Entrepreneurship and innovation are the lifeblood of the U.S. economy. Historically, the United States has relied on immigrants to introduce new ideas and products, diversifying our economy and fostering growth in our communities. However, being a visionary and successfully introducing a product or service to the market requires a unique skillset and understanding of complex immigration pathways.
As an entrepreneur, focusing on your business needs to be the priority, not managing endless volumes of paperwork and worrying over whether a simple mistake on a form could delay or derail your business opportunity in the U.S. Let Indus Law Firm assist you in navigating a successful pathway to building your company. Business Immigration is our specialty, and foreign nationals who wish to start businesses in the United States have several temporary and permanent options which we can help you explore.
Listed below are several types of visas available for entrepreneurs in the U.S.
The E-2 nonimmigrant classification allows foreign nationals of a treaty country (a country with which the United States maintains a treaty of commerce and navigation) to be admitted to the United States based on the investment of a substantial amount of capital in a bona fide U.S. enterprise.
The B-1 visa category allows foreign nationals to travel temporarily to the U.S. to consult with business associates, travel for a scientific, educational, professional or business convention or conference on specific dates, settle an estate, or negotiate a contract. The B-1 Visa may also apply, in certain circumstances, to foreign medical students, personal/domestic attendants and certain religious workers. You may not engage in any employment while in the U.S. on a B-1 visa.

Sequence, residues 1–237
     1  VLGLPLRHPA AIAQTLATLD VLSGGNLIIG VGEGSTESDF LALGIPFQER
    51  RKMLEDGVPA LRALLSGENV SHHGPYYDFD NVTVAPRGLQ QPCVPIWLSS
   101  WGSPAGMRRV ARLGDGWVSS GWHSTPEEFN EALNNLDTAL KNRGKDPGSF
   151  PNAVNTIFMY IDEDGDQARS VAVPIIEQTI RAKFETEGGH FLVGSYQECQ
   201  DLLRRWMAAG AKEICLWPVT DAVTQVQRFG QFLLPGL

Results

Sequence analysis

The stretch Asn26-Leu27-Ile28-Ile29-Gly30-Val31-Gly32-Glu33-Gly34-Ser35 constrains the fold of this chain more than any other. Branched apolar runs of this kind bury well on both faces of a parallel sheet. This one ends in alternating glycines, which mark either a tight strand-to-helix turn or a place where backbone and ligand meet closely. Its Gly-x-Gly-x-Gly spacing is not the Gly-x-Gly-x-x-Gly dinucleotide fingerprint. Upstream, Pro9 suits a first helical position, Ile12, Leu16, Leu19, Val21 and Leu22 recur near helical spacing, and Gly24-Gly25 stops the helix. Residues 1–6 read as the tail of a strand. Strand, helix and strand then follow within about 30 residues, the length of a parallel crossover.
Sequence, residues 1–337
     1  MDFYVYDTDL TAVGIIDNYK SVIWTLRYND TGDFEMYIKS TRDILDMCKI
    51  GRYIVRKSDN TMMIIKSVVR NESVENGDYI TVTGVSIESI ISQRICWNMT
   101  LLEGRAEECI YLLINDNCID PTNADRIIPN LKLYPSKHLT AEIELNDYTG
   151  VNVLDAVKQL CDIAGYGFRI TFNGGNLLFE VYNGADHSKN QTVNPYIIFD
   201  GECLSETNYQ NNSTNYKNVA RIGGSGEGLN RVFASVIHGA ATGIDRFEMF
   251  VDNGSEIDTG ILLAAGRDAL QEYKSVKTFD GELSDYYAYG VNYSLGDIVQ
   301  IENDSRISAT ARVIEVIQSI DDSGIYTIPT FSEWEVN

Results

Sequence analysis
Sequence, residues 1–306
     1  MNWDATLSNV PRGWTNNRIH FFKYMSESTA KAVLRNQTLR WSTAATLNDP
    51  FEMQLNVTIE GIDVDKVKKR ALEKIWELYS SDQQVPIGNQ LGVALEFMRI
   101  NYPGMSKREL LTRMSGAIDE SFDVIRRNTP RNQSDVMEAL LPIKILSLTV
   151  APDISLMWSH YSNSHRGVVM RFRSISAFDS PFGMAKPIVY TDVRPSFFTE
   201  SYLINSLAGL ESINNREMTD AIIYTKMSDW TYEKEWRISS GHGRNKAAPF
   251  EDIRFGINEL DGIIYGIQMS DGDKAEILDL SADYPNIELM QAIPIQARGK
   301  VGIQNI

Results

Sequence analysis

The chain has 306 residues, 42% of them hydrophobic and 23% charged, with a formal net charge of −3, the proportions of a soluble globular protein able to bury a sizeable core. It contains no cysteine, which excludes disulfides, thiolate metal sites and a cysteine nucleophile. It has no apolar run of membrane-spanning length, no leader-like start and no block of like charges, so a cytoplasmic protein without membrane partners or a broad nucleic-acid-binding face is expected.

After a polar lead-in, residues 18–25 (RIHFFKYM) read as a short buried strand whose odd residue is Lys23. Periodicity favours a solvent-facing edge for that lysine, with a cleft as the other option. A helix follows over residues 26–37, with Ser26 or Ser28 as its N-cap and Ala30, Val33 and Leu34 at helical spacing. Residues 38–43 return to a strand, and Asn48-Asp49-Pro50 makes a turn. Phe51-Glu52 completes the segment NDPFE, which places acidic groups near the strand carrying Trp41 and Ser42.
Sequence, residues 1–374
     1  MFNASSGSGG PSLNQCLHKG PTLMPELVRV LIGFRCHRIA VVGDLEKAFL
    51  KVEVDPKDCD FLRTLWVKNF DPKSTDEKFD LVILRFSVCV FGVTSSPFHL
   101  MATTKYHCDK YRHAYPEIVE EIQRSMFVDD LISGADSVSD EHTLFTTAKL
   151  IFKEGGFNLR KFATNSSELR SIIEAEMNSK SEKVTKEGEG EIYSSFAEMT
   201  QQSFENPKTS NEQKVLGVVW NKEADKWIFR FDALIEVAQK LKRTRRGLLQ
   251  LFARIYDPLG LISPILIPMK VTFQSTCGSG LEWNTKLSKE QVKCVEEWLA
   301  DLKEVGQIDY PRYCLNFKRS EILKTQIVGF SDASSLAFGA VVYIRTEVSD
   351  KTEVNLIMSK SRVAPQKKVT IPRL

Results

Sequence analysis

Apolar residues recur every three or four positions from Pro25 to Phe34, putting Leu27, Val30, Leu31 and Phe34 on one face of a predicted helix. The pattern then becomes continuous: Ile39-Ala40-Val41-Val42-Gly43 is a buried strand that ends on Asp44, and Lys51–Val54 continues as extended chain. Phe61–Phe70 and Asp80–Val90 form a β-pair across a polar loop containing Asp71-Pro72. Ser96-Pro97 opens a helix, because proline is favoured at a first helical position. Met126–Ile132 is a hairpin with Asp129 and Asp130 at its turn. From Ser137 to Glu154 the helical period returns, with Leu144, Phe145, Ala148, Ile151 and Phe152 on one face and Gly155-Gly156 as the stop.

Individuals with Extraordinary Ability or Achievement
The O-1 visa is for the individual who has extraordinary ability in the sciences, arts, education, business, or athletics, or who has a demonstrated record of extraordinary achievement in the motion picture or television industry, and has been recognized nationally or internationally for those achievements. This visa is effective for the time needed to complete the event or activity, not to exceed three years.
The Visa Waiver Program (VWP) allows citizens of participating countries to travel to the U.S. for 90 days or less without first obtaining a visa. Currently, 36 countries participate in the Visa Waiver Program.
Visa Waiver Countries include: Andorra, Australia, Austria, Belgium, Brunei, Chile, Croatia, Czech Republic, Denmark, Estonia, Finland, France, Germany, Greece, Hungary, Iceland, Ireland, Italy, Japan, Latvia, Liechtenstein, Lithuania, Luxembourg, Malta, Monaco, Netherlands, New Zealand, Norway, Poland, Portugal, San Marino, Singapore, Slovakia, Slovenia, South Korea, Spain, Sweden, Switzerland, Taiwan, United Kingdom
Members of the professions holding an advanced degree or its equivalent, or a foreign national who has an exceptional ability may be eligible for an employment-based, second preference visa
National Interest Waiver
Exceptional ability means “a degree of expertise significantly above that ordinarily encountered in the sciences, arts, or business.”
You may be eligible for an employment-based, second preference (EB-2) permanent worker visa if you are a member of a profession and you have an advanced degree or its equivalent, or if you have an exceptional ability.
The EB-5 category is a green card vehicle based on investment in a U.S. enterprise. Foreign nationals who invest $1 million USD (or $500,000 if in a Targeted Employment Area) are eligible to self-petition for a green card under this preference category. The immigrant investor must be actively involved in the investment enterprise and the enterprise must create or preserve at least 10 jobs for U.S. workers within a specified timeframe following issuance of the visa.